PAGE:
Civil Air Patrol cadet Emma Herrington became the first graduate of the new Cadet Wings Program, earning her private pilot’s certificate after passing the Federal Aviation Administration’s practical test. Photo: courtesy of Emma Herrington
CAP ANSWERS PILOT SHORTAGE CALL
Emma Herrington, a cadet chief master sergeant with the Texas Wings Sulphur Springs Composite Squadron, was one of the first cadets to benefit from CAP’s new “Cadet Wings Program.” As part of USAF’s Youth Aviation Initiative, funded at more than $1 million by the Air Force, Cadet Wings helps CAP cadets obtain their private pilot licenses. The funds cover fuel and aircraft rental through CAP’s existing flight training program and may be used at the cadet’s home squadron, at an approved flight school, or (starting in June 2019) at a one-month training program.
“I knew CAP flew missions, but I didn’t know you could train out of CAP aircraft, so when orientation flights were first mentioned, I was ecstatic, … I had no idea my first flight with CAP would lead to many more. O-flights are the most important part of a cadet’s journey through CAP, and most importantly, they are free,” Herrington told CAP.
After completing five orientation flights, Herrington attended week-long training at the Shirley Martin Powered Flight Academy (PFA) in Texas, where she soloed and completed 10 hours of close-pattern and cross-country training.
While there, the Cadet Wings Program awarded Herrington a flight scholarship, and the Air Force Association’s Northeast Texas Chapter—which contributes more than $5,000 annually to CAP—stepped in to help by awarding Herrington a $1,000 fuel- and maintenance-cost scholarship, allowing her to complete all training requirements and obtain her license. Herrington is a senior in high school and has applied to the US Air Force Academy, bringing her that much closer to a career in aviation.
NUAMES students put the final touches on their Rube Goldberg entry, which won in their division. Photo: Courtesy of Alex Dubovik.
The Utah Air Force Association and Weber State University’s Engineering, Applied Science & Technology hosted the 6th Rube Goldberg Machine Competition in January. The event was held on campus in Weber State’s Shepherd Union Ballroom with support from the Utah AFA Aerospace Education Foundation, Weber State Center for Technology Outreach, Utah STEM Action Center, Hill Air Force Base STEM Program, and Secturion Systems.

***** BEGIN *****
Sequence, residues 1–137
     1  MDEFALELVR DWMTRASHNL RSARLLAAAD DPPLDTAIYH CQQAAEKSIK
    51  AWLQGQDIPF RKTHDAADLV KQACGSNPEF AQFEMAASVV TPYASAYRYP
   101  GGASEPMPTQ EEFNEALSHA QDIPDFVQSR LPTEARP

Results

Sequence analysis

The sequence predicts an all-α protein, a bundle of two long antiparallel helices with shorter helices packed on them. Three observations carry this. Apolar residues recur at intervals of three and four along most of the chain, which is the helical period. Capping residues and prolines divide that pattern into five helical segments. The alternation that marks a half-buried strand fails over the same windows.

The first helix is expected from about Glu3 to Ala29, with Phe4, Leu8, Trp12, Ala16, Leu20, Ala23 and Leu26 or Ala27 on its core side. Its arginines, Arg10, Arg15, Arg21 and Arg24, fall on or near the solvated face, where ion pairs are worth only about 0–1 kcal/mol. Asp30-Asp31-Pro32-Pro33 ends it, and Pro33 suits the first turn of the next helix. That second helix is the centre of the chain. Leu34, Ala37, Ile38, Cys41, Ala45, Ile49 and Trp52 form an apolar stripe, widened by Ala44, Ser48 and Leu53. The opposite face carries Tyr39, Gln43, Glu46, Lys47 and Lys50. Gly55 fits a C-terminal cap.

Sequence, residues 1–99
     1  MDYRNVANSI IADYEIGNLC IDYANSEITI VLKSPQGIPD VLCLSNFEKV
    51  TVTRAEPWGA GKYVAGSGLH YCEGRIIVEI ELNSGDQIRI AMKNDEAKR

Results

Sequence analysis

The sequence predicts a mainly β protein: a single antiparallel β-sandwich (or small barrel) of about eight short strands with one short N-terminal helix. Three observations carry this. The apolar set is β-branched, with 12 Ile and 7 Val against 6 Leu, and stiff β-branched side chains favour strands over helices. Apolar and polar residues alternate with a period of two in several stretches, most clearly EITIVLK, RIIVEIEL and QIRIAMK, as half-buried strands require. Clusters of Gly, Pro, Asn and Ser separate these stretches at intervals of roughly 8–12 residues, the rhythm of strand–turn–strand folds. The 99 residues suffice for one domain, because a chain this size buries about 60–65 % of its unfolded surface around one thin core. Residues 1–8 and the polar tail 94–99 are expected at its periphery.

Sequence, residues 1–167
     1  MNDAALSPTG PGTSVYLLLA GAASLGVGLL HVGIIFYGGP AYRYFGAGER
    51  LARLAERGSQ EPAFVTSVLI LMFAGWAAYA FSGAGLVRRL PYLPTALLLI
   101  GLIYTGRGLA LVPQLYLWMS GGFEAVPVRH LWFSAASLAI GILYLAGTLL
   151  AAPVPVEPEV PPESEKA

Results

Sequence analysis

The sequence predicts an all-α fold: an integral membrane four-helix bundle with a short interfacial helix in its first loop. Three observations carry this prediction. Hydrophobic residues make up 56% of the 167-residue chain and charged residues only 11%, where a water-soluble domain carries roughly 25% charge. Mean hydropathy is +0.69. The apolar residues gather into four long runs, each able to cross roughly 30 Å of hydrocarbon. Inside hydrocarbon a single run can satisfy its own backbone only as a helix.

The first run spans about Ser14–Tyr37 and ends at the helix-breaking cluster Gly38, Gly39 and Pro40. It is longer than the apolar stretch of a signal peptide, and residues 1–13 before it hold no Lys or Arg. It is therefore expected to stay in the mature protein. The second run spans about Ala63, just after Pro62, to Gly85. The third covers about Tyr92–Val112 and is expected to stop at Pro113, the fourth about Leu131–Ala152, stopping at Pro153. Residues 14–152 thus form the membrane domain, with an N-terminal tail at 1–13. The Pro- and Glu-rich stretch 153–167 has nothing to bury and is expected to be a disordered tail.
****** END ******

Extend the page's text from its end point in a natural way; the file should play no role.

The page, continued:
The challenge was to design the best “automated” machine to deposit coins into a piggy bank. Teams from Northern Utah Academy for Math, Engineering, and Science (NUAMES), Quest Academy, Capstone Classical Academy, New Bridge Elementary, and Odyssey Elementary participated in one of three divisions: elementary school—ages eight to 11, middle school—ages 11 to 14, and high school—ages 14 to 18.
Volunteers served as judges and referees by inspecting and evaluating each team and machine.
The referees’ job was to make sure the designs met requirements and filled the piggy banks properly for 40 percent of their score, and the judges scored the remaining 60 percent on teamwork, ingenuity, and whimsical aspects. Said one elementary school teacher: “It is good to see the young students observe the other machines and ask why they operate that way.”
NUAMES won in the high school division, and Quest Academy won for the middle school division. Both teams will represent Utah at the Rube Goldberg National Finals in Lawrenceburg, Ind., on April 6, 2019.
The New Bridge Elementary team won trophies for Rube Goldberg Spirit of Hilarious Inventions and Helping Hand Teamwork, while Odyssey Elementary won the Professor Butt’s Creative Spark Award.
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